Tag Archives: father

This world and that world, or how my father made me pay attention

We have some business in Thailand, so current events there always register on the radar, particularly when they sound like this:

Thai troops fired tear gas and bullets at protesters, who responded with stones, slingshots and homemade rockets, turning parts of downtown Bangkok into a battlefield on Friday as the military moved to seal off a broad area where the protesters, known as red shirts, have camped for weeks.

Most (but not all) of our operations are in the benign middle of the country — not far enough south where there are Islamic-related tensions, not far enough north to risk involvement in the periodic counter-insurgency and coup events that seem a norm in Thai history.

(Thailand is a very long north-to-south country, in case you’ve never taken a good look at the map. If you go to Bangkok, you’re still south of the vast majority of the country, yet you’re still well north of a lot of the beach resorts you might hear about on the peninsula.)

An international relations expert here put something on our discussion list to share some thoughts. He’s not an Asia expert, but he is a comparativist well-versed in Third World patterns. And he always has interesting observations.

One of the variables commonly ascribed to Thailand is that they have a culture that discourages violent upheaval — that a coup there is different from a coup elsewhere; it happens often, but with little bloodshed. Something about those Buddhists and their zen-like demeanor, the thinking goes.

(And Thai Buddhism is indeed its own unique brand, influenced in part by the land’s cultural history and in part by all those oh-so-helpful Christian missionaries who have historically found Thailand’s beaches nice for relaxing people ripe for converting. I know that not because I know stuff, but because I get to interview professors from time to time in my work.)

Anyway, I’m sharing here some of what the expert wrote about the current events, because it’s an interesting non-news-article take on things. (Names obscured/text plagiarized to protect my own half-anonymity): Continue reading This world and that world, or how my father made me pay attention

Chronicles in Sounding Like Your Parents, incident 37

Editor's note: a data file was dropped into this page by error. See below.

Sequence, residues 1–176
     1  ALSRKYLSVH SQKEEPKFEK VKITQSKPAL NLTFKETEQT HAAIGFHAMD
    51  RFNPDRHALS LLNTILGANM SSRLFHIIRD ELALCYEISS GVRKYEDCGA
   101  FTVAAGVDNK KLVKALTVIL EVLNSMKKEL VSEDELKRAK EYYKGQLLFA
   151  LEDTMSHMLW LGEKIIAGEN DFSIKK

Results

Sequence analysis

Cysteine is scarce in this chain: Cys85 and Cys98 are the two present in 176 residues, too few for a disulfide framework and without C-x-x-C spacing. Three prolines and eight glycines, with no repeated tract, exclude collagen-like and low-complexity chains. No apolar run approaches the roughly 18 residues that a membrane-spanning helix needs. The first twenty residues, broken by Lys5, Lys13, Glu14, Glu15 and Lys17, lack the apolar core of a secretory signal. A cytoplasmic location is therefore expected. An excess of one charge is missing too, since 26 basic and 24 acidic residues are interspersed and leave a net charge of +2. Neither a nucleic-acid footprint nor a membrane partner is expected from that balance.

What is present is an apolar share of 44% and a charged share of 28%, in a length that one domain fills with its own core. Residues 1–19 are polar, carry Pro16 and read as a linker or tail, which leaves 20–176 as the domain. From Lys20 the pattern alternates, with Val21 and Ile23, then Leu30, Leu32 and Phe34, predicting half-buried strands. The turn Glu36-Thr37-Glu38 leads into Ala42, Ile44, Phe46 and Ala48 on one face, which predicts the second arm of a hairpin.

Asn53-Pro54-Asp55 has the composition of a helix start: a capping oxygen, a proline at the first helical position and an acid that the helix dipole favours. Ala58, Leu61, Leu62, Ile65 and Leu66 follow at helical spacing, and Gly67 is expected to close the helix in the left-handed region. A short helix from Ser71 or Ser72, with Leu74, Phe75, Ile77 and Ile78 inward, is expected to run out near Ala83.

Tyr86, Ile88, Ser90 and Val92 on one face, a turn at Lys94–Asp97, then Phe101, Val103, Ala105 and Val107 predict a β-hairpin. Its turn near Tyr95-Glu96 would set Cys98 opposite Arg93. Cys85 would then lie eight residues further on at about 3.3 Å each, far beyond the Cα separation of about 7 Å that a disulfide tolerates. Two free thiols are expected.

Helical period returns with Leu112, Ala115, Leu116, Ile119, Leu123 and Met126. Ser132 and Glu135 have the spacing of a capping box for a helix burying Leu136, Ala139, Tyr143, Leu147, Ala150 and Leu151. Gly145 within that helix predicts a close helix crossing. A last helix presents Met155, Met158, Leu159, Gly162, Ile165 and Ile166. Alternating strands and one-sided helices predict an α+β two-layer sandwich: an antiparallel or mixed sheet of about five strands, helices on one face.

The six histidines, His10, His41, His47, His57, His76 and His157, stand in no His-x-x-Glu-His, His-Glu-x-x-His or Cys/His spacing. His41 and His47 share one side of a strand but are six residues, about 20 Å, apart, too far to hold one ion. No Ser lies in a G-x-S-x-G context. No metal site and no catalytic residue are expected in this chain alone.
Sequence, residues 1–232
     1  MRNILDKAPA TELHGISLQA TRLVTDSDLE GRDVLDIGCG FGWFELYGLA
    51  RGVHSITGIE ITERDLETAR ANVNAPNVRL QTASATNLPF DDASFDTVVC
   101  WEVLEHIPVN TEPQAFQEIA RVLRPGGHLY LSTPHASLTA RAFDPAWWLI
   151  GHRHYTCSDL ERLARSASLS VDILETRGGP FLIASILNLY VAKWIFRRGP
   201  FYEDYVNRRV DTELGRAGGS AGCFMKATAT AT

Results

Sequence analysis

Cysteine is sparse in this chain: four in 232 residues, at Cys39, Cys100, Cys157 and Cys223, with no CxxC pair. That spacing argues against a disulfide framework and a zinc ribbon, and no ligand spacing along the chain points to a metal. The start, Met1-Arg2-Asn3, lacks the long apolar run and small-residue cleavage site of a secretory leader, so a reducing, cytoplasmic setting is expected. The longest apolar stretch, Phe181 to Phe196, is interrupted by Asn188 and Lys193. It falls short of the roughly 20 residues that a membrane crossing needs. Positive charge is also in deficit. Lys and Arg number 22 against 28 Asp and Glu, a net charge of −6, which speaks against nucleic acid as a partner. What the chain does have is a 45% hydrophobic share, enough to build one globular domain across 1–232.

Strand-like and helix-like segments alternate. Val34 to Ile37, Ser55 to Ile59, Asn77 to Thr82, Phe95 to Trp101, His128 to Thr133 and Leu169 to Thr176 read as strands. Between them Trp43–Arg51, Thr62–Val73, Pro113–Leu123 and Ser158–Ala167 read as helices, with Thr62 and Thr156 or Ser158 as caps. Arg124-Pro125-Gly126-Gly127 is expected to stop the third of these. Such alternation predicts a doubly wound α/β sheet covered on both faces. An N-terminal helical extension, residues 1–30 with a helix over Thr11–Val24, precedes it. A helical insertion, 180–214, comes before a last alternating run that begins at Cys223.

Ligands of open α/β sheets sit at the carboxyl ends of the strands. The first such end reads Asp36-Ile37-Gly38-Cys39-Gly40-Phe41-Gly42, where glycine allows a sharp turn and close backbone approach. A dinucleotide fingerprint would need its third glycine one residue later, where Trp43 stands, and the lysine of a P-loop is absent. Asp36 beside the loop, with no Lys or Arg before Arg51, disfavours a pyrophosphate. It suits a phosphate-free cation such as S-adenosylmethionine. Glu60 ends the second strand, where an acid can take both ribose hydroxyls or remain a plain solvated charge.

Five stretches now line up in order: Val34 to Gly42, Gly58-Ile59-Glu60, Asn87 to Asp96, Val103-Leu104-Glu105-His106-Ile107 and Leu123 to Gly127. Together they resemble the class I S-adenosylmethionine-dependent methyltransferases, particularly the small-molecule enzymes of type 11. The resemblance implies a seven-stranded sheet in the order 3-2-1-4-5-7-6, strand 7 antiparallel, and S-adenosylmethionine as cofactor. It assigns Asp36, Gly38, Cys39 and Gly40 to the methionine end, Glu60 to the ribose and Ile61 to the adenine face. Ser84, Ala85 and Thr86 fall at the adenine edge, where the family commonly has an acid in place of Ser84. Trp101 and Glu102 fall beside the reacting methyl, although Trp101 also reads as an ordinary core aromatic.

I’ve been fighting this sinus infection for two-plus weeks. I’ve had more sinus infections in my life than sexual encounters, or so it seems in the throes of it. (The throes of the infection, not the throes of … okay-stop-now).

So I don’t run out for antibiotics every time. I mean, they say that’s bad, and most of them go away in a few days (ha!) anyway, so don’t dumb down the world’s resistance and your own immunity, and don’t encourage the bugs to evolve resistance to antibiotics unless you absolutely need them.

(Just the fact that I’m talking about being sick makes me sound like my dad, but that’s not the point here.)

Without getting into gross details, this bug’s aftermath is working its way through. Which means I’m coughing a fair amount — it’s not contagious! — but I can’t exactly stay home from work for five days to let it pass. So I try to cough discreetly by doing it outside or running to the (sadly) thin-walled bathroom at the office.

The other day I was about to leave work, so I “held” a cough until I could get out by the car. Well, holding it made it one hell of a whopper. Once I got going, turns out there was a lot to get out. And as I’m standing there, hacking out what feels like a lung next to my car, that wave of stomach/cough spasms hit me and the sound of my cough hit a new, higher, desperate frequency. A crescendo, before a final, disgusted-yet-relaxed hack of yuck.

THAT’S when it struck me: Good god, that cough sounded JUST like my dad’s. Really.

I got this wave of flashbacks of being a little kid, seeing him in winter in his long smoke-smelly coat, scarf around his neck, tissues coming out of every pocket, cough drops in the car ashtray (because the world is thy ashtray, not the plastic trough in the car — I mean yuck, who wants to have ashes in their car?), as he’d hack out a spasmic, high-squeak desperation cough that surely must have included a bit of lung. Sometimes I wondered if he was going to die by nightfall.

So it sounded just like that.

I guess there’s no avoiding it: You end up being/sounding like your parents in stunning ways that sneak up on you and whack you over the head. No kids for me, but come to think of it, when I’m hacking at home, the dogs do come up and stare at me from a safe distance with a curious look of concern, as if they wonder whether their provider is going to die by nightfall. Shit.

Fleeting conceptions of non-living beings

I’m standing there raking and mulching and towing, the monotonous seasonal work that comes with having three leaf-showering trees each twice the size of your house … When the thought of my dad comes to mind. (Ironic, as I’m doing a chore I can’t imagine him ever doing.)